@Archaeolibrary, @GoddessFish, @Sverrir_Sigurds, @VeronicaLi5,
This vivacious personal story captures the heart and soul of modern Iceland. Born in Reykjavik on the eve of the Second World War, Sverrir Sigurdsson watched Allied troops invade his country and turn it into a bulwark against Hitler’s advance toward North America. The country’s post-war transformation from an obscure, dirt-poor nation to a prosperous one became every Icelander’s success. Spurred by this favorable wind, Sverrir answered the call of his Viking forefathers, setting off on a voyage that took him around the world.
The Book will be $1.99 during the tour.
One memorable incident took place [in 1968] during our drive through Anbar province in Iraq. The place was unheard of when I motored through, but after the U.S. invasion of Iraq in 2003, this Sunni stronghold of Saddam Hussein’s became world renowned for insurgency and suicide bombings. Even during my days, traveling in this neighborhood was dicey. While guessing my way through the desert of Al Anbar, we passed a ghastly sight. It was the charred remains of what looked like a small industrial complex. The scene evoked news articles about an Israeli air raid on an Iraqi nuclear research facility. I knew we shouldn’t be there, but there was no other way out than to keep driving. Soon after, a military patrol pulled up alongside. I stopped the car, and we all got out to show them exactly who we were, a family of dumb, lost foreigners.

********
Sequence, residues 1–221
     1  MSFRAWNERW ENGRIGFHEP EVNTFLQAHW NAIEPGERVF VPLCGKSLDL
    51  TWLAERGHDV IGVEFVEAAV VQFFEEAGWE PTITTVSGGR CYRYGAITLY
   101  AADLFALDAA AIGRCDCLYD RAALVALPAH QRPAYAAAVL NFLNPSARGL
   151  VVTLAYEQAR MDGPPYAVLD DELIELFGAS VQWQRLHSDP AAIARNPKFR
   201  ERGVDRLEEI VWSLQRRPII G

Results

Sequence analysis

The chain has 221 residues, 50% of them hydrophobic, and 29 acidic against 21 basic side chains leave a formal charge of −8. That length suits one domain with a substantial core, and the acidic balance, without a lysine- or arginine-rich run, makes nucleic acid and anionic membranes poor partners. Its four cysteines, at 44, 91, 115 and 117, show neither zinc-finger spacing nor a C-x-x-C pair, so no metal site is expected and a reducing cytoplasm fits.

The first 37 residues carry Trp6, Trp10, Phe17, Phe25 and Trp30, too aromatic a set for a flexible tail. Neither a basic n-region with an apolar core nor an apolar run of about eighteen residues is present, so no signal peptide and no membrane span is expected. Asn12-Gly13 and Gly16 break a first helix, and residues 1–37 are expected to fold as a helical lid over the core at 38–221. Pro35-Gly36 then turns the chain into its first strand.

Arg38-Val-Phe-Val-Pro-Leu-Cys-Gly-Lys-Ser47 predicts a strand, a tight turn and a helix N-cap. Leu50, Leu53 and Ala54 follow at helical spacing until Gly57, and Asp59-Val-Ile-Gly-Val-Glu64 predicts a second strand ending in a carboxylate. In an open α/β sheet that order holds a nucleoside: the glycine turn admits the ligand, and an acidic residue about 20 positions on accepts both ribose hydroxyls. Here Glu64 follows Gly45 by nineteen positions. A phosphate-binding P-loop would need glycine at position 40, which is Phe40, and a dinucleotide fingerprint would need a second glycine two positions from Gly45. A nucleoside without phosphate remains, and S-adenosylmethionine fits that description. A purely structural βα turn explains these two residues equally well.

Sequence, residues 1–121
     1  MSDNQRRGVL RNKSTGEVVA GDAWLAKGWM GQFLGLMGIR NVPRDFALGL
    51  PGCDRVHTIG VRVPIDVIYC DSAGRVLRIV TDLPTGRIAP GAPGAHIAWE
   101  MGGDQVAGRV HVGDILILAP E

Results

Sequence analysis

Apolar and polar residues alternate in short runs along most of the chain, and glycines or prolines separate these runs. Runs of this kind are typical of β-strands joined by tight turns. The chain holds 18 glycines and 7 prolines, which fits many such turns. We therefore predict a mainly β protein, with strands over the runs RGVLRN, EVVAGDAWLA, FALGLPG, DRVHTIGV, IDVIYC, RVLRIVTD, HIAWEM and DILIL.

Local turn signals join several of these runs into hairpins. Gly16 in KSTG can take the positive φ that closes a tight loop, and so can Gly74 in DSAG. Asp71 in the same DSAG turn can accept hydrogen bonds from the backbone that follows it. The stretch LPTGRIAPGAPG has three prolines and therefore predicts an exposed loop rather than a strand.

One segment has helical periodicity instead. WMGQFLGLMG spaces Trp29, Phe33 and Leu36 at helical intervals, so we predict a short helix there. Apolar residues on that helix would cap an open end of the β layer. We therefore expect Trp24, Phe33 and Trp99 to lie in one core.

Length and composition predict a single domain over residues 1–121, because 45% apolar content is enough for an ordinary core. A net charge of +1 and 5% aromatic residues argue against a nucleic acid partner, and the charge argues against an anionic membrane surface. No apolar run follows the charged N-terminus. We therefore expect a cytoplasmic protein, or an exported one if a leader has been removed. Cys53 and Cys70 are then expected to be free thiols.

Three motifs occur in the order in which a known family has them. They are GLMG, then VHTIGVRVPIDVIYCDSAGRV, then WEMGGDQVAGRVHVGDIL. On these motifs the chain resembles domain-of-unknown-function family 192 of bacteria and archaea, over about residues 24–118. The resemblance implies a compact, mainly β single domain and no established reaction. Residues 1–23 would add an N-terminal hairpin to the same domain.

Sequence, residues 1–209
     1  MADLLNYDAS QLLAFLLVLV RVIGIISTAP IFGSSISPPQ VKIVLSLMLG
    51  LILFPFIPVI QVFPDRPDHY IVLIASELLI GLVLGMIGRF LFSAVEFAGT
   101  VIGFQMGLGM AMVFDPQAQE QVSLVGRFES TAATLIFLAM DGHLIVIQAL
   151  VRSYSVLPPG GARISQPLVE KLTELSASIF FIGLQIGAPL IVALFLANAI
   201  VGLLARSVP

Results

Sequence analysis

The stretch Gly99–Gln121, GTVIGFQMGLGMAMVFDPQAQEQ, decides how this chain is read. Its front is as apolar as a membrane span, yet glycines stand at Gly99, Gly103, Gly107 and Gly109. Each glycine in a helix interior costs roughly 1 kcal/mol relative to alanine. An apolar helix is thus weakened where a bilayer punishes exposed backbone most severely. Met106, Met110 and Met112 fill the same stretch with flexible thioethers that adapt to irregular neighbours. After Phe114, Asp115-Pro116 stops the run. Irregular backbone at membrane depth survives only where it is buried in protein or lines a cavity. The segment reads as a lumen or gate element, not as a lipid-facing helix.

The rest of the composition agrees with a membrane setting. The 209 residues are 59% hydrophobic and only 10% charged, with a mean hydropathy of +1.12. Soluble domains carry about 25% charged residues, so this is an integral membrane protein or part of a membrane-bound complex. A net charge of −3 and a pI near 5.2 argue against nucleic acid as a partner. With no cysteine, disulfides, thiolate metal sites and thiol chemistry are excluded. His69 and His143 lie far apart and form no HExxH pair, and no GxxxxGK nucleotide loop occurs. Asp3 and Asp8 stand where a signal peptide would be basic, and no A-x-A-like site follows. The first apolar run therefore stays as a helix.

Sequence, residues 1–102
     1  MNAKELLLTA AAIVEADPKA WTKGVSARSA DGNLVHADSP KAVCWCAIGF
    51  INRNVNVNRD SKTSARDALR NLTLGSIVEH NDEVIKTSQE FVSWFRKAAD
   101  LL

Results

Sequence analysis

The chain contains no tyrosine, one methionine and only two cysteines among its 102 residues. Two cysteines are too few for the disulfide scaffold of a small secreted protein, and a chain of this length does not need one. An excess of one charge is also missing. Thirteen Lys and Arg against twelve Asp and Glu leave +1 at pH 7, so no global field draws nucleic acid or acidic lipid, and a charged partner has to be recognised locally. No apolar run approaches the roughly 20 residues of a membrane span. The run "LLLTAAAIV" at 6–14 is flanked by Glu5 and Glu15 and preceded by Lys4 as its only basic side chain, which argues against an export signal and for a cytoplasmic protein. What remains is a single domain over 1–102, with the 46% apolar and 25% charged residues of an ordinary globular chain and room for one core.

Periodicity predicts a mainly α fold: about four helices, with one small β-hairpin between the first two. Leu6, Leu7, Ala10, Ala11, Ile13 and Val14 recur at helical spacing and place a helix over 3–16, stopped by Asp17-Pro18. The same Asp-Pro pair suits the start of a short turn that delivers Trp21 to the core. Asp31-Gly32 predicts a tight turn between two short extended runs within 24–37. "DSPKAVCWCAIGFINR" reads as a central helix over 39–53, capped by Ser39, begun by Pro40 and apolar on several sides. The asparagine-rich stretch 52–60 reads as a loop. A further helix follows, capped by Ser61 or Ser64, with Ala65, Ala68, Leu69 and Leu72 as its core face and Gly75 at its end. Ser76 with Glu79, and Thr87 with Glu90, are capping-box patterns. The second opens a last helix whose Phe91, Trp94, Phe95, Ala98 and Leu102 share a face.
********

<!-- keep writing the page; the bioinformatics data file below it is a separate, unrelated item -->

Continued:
A soldier peered into my car. He started shouting angrily in Arabic, his finger jabbing at the camera on the back seat. They hustled us all back into the Peugeot, I in the driver’s seat, Monika next to me, while Steinn shared the back seat with the soldier. I felt something hard poke at my spine. I glanced at the rearview mirror and realized the object was the muzzle of the soldier’s machine pistol. The drive lasted an hour at most, but it seemed like eternity. To prevent an accidental burst from the gun, I took it slow and easy on the desert tracks.
What are your favorite TV shows?
I love to watch the TV series, The Crown, and fortunately my wife and coauthor, Veronica, likes it too. Otherwise we may have to fight over the TV. We love it because we love history. Each episode is like a history lesson, but it’s so entertaining we don’t realize we’re in class. The characters are kings and queens. At the same time, we get glimpses of them stripped of their royal garbs and showing themselves to be as plain as any commoner. In spite of their haughty accents and in-the-air noses, they’re in many ways just like any of us.
On a less serious note, we like to watch the family drama Everybody Loves Raymond. This very dated show is hilarious and makes us laugh at ourselves. What family doesn’t do it? Sniping at in-laws, at each other, and stumbling through parenting. Watching Raymond is a fun way of looking at family dynamics.
What is your favorite meal?
To me, food is an adventure. It’s like my travels, the more exotic the better. In Indonesia, I feasted on durian, a fruit banned from any respectable hotel in Southeast Asia because of its overpowering sweet and sickly smell. In the Philippines I ate balut, a hardboiled egg with a chick staring at me when I opened it. In the Middle East, I tried sheep’s eye and rather liked it.